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Well, technically, she was about 8,200 feet above sea level upon the Mauna Loa volcano in Hawaii, participating in HI-SEAS, a Mars-like space simulation experience. It’s not entirely out of left-field for the musician who, by day, is a science communicator, making a living by taking complex scientific topics like space and nature conservation, and translating them into meaningful and more attainable concepts for people of all walks of life.
For someone who revels in astronomical mysteries, a Mars simulation – which Foxanne described as “insane” and “totally wild” – may just be the perfect way to gear up for the release of an album undeniably inspired by the cosmos.▼ Article continues below ▼
“I’m always trying to figure out how my music and my space science work fit together,” she says. “There have been times where I’m like, ‘Well, I should just sit down and write a song about quasars or something. You know, make it happen!’”
It wouldn’t be much of a stretch, considering her latest video for “Opportunity,” the fourth track off of upcoming It’s real (I knew it), was inspired by NASA’s Opportunity Mars rover. The song, a heartbreaking and surprisingly relatable tune humanizing the robot that lost contact with Earth in 2018 after a massive dust storm on the red planet, is a prime example of how science bleeds its way into Foxanne’s art.
It’s not the only space-inspired piece on the record, either. Listeners will catch a galactic tone right from the album’s lift-off, through to its twinkly outro.
“When I write about space in my music – or when music finds its way into my space world, which it does – I try to let that happen naturally,” Foxanne says.
Not every track is an overt ode to the universe, but every track certainly reflects Foxanne’s ability to detangle convoluted and arduous ideas for the masses. It’s real (I knew it) brings painfully human and empathetic melodies down to earth through rich vocals that are sweet and gentle as often as they are shrieking and authoritative.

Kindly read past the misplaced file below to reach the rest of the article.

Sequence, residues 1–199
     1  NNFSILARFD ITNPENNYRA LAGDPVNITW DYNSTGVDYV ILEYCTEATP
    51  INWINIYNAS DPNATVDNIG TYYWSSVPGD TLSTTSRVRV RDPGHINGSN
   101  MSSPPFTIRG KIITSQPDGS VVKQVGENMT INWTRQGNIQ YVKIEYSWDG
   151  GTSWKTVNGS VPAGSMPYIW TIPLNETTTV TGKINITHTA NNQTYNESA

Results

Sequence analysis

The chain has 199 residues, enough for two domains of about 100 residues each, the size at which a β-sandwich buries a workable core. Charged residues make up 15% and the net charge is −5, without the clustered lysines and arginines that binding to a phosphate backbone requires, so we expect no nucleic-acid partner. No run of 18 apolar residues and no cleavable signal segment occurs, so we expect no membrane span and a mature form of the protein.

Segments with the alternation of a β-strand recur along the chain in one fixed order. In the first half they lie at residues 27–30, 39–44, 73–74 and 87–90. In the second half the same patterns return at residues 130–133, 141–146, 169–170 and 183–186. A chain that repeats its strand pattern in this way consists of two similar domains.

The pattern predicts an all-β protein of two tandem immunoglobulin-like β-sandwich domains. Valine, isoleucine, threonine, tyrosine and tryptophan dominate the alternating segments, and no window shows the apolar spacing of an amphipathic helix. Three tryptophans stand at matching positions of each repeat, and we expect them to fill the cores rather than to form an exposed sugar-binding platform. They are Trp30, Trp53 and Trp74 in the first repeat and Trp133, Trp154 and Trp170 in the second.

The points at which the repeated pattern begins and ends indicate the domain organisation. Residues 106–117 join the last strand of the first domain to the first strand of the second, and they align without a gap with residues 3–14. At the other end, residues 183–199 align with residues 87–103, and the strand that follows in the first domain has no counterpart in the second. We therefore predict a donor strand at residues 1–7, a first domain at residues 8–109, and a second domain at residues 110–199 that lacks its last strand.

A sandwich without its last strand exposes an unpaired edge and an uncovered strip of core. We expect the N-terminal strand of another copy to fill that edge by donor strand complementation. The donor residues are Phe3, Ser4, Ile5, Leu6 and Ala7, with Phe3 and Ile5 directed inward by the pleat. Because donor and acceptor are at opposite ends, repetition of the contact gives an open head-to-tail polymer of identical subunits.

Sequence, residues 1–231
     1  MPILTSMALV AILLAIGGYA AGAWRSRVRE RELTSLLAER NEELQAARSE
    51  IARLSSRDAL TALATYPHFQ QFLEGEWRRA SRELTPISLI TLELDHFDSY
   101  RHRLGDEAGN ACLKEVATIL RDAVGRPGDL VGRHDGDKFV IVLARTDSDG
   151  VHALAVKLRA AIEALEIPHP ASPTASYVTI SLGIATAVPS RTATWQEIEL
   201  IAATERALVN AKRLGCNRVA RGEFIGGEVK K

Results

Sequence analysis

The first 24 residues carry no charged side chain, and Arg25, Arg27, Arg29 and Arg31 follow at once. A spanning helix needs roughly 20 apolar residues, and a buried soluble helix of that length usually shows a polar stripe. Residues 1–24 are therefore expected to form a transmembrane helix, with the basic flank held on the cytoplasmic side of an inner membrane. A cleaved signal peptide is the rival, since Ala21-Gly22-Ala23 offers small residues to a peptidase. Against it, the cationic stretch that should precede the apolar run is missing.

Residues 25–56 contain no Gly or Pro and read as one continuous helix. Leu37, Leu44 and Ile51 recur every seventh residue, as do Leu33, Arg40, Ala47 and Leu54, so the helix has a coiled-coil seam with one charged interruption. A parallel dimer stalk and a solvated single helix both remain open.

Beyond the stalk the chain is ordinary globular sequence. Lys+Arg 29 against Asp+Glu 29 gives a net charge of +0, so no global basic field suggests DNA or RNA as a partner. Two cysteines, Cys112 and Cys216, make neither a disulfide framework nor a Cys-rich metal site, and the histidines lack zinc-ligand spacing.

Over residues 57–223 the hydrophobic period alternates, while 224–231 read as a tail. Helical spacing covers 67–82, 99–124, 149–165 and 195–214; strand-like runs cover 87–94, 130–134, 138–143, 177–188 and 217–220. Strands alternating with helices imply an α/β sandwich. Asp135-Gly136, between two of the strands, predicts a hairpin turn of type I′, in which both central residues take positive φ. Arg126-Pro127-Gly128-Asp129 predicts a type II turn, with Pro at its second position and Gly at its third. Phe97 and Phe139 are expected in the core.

She loves a good buildup, with tracks like “Let It Ache” and “Love You Forever” displaying the full range of her voice. And while fans will recognize a few EP tracks that have been rerecorded and remastered for the album, they’ll also enjoy some surprises, including “Sea Blue,” an ethereal tune Foxanne had only played live until recording it for the first time.
These days, it can seem life on Earth is too painful to swallow, too devastating to fully grasp. On It’s real (I knew it), Foxanne has found a way to convey what it means to be human without diluting the truth.
Now, after about two years of working on the album, Foxanne is ready to release that sound into the world. Having begun recording last year, she says she lucked out by finishing up in the studio just before the pandemic lockdowns hit. Finalizing the album was another matter, though.
“In terms of mixing, mastering, all of that, I couldn’t drive down to the studio and hear it and have a conversation with everyone,” she says. “It was, ‘Let’s play this big game of email and telephone to figure out what page everyone is on, and make sure that it’s sounding like I want it to sound like.’ It was definitely a little more complicated than usual.”
Like so many other musicians releasing new music during this time, Foxanne is also working through how to promote a record without the ability to tour. In the meantime, social media platforms like Instagram are proving to be valuable tools for artists hoping to connect with listeners and actually perform live the music they release.
“With the pandemic, having those platforms has really changed why we continue to have them and what we use them for,” she says. “It’s dramatically different than it was last year.”
Foxanne admits she’s not the most fluent social media poster out there, but Instagram, she says, allows her to navigate a portal to perform, share music and post videos with ease. Her followers will probably get to see and hear new music not only from It’s real (I knew it), but also from her next record, which Foxanne is already working on after a short break from songwriting. She’s been learning Ableton and Logic to record some demos in her home studio, made complete with a guitar and mini keyboard, but using her phone to record voice notes is typically the first step in songwriting – a process, she says, that she can’t necessarily turn off.
“I already can’t wait to release the next music that I haven’t recorded yet,” she says.
Luckily, pandemic lockdowns haven’t affected Foxanne’s homegrown creative process much. And with live music still on hold, she’ll have plenty of time to write or connect with fans online to promote her first full-length. Foxanne has a background in public health, in fact, so while she says she misses performing, she’s “rolling with the punches” in support of keeping people safe and out of music venues.
That’s not to say she won’t jump back on stage the minute live music returns, however. Foxanne’s vocals are the kind that need to be experienced in-person to retain the full emotional power of her sound (whether people like the new record or not, Foxanne says she simply wants people to “feel things, whatever those feelings may be,” from her music).
Just before the pandemic hit, she began adding “Love You Forever” to her setlist. It’s the song she says she’s most excited to perform again once Earth returns to some semblance of normalcy.
“What I wouldn’t give to be on a crappy stage and in a smelly bar, just performing my music.”
All photos by Diana Whitcroft